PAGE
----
There are many fascinating animals in Brazil. Let us tell you more about the fascinating fauna of this huge country in South America.
Brazil is known as the most megadiverse country in the world. This means Brazil houses the most animal species and the most plant species of any country in the world!
About one in five of all the plants and animals in this world are at home in Brazil.
Here we tell you about fifteen animals in Brazil you should have heard of.
Brazil is a huge country stretching over four time zones and several climatic regions with vastly different landscapes and habitats.
Brazil is the only country that has a reef environment in the South Atlantic. The Amazon river basin in Brazil is home to over 2,000 fish species, among them the arapaima, a fish that is air-breathing, and the famous piranha.
Here on Kids World Travel Guide we will tell you about these fifteen typical and unique animals in Brazil:
Let's start with a little animal from Brazil you should know, Brazil's national bird, the Rufous-bellied thrush. This thrush is a songbird native to the southeastern and eastern parts of Brazil.
The Rufous-bellied thrush is a common bird in Brazil and feeds on tiny caterpillars, ants, seeds and fruits.
Their birdsong can be widely heard during the afternoons and during the night as the rufous-bellied thrush lives in the woodlands of urban areas.
The toucan is a large bird with a broad colourful bill. Their name was given by the Tupi people of Brazil. The Tupí-Guarani word 'tuka' refers to the sounds or cry of the bird.
Brazil is home to about 15 of the world's 42 toucan species.
The toco toucan is the largest of the toucan species and grows up to 63 cm/ 25 inches in hight. It has an orange coloured beak that is 19 cm/ 7.4 inches long.
Toucans live in the rainforest and savanna (called Cerrado in Brazil) where they build nests in the hollows of trees. Their hatchlings are completely naked and do not have any feathers when they are born. The birds mainly live in pairs but can be seen in large flocks of up to 20 birds.
The piranha is a freshwater fish that can be found in Brazil's rivers, mainly in the Amazon and the Orinoco river systems, floodplains and lakes.
The name piranha comes from the language of the Tupi people who named it "biting fish". The fish species is known for their strongest bite of all bony fish and they have large teeth and very strong jaw muscles.
Piranhas feed mainly on fish but also on plants, fruits and seeds. Although piranhas are described as aggressive fish, they are usually not dangerous to humans. Piranha attacks by large schools of fish are rare occasions.
In high-risk locations in Brazil, however, there are warning signs and sometimes nets have been installed for protecting beaches.
The rhea is a large flightless bird or a South American ostrich. The rhea has grey brown feathers and long legs as well as a long neck. Rheas are smaller than emus and ostriches.
A rhea can weigh up to 40 kg/ 88 pounds. Rheas have three toes unlike other birds.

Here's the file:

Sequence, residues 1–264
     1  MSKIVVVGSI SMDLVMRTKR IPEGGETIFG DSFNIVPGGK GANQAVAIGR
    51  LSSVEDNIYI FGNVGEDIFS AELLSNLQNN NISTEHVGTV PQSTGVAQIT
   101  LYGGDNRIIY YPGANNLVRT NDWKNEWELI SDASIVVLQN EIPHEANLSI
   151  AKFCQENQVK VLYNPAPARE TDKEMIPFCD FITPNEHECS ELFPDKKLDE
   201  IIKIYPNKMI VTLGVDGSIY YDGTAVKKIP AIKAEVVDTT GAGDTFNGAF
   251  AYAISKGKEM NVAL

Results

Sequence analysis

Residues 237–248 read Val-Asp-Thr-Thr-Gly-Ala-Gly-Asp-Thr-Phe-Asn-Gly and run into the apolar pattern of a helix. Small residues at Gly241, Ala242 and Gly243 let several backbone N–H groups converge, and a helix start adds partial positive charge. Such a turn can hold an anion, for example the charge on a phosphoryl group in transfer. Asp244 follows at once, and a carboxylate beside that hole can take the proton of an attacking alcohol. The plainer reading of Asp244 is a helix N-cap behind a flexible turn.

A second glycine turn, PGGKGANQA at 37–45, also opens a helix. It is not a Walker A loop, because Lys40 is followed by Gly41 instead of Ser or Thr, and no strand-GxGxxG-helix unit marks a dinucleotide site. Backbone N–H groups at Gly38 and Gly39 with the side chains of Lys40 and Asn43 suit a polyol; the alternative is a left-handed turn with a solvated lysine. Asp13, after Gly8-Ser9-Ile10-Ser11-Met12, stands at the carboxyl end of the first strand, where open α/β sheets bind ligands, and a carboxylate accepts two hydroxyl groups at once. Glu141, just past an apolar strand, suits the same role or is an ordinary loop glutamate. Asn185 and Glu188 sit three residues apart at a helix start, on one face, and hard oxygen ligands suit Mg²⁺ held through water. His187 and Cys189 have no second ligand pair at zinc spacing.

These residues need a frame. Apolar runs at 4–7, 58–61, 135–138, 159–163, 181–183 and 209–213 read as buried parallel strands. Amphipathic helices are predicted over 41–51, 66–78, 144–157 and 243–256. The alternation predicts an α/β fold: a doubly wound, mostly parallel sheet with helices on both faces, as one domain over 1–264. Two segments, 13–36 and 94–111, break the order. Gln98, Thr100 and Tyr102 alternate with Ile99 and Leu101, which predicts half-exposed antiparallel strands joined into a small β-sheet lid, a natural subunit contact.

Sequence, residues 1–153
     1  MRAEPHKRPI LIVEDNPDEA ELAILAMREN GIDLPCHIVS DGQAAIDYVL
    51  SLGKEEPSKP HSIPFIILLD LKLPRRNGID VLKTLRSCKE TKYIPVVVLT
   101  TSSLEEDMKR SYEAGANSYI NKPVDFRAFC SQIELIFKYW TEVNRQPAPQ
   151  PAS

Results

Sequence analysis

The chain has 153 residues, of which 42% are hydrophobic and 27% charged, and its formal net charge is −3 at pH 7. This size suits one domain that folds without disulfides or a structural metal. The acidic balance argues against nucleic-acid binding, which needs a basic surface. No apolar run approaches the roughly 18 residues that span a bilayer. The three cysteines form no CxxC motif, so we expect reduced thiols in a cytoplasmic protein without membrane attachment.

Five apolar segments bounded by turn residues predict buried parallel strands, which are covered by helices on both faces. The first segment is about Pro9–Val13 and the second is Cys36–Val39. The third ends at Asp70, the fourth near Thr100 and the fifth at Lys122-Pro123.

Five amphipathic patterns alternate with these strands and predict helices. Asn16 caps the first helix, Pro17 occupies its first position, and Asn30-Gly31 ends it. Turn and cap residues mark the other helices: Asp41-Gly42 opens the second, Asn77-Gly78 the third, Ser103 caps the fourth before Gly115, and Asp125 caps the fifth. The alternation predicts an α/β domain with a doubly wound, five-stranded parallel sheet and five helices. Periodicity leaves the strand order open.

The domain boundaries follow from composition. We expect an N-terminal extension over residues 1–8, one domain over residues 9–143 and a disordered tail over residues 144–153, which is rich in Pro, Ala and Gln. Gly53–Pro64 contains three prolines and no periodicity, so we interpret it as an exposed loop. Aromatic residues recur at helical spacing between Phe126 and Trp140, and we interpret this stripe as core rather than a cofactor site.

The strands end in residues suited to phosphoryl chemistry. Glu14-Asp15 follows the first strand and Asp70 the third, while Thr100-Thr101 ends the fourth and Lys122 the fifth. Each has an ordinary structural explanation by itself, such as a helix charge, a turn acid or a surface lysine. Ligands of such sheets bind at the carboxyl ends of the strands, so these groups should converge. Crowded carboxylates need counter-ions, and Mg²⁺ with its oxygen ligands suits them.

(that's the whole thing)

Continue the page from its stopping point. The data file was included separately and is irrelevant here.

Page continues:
Rheas live in the grasslands of South America and can also be encountered in Argentina, Bolivia, Chile, Paraguay, Peru and Uruguay.
Rheas eat broad green leaves, seeds, fruit and berries as well as small insects.
There are over 170 species of poison dart frogs. These frogs live in humid tropical areas of the Brazil rainforest, in marshes, swamps, rivers or lakes.
Most poison dart frogs are small, some are as tiny as 1.5 cm/ 0.5 inch. Poison dart frogs are brightly coloured so they warn with their colour to ward off predators.
These colourful frogs get their name from the toxic substance they have in the glands of their skin that cover their whole body.
However, only very few species have a poison that can be dangerous to humans. When a predator tries to eat the frog, the toxin attacks the nerves of the predator and can cause death.
Some of the poison dart frogs are considered as threatened or endangered species.
These dart frogs received their name from the indigenous people who used the frog's venom as poison for the tips of their blow darts when using blow pipes for hunting.
The Brazilian anteater belongs to one of the largest anteater species. The mammals easily reach 2.2 m/ 7.2 ft in length and have a very long snout with a 60 cm/ 2 ft long tongue.
The sharp front claws are used to dig into anthills and termite nests. With its long tongue the anteater slurps up to 30,000 ants or termites each day.
In Brazil, the anteaters live in the Pantanal wetlands, open grasslands and the savannah (Cerrado). They live and hunt on the ground and they can climb trees.
Giant anteaters have a thick coat of fur and a very bushy tail. The mammal uses the tail at night to cover the body when it sleeps in a shallow hole in the ground, the tail serves as camouflage for the threatened species.
The largest cat species in the Americas is the jaguar.
The vulnerable species lives in the forests of Brazil, the Amazon rainforest as well as the Atlantic forests. Jaguars can also be found in open flood plains of the Pantanal and the savannah of the Cerrado.
Jaguars weigh up to 135 kg/ 298 pounds and have a yellow golden coat with black spots. Even black jaguars have these spots!
Each jaguar has its own variety of spots on the coat; these spots are unique just like human fingerprints.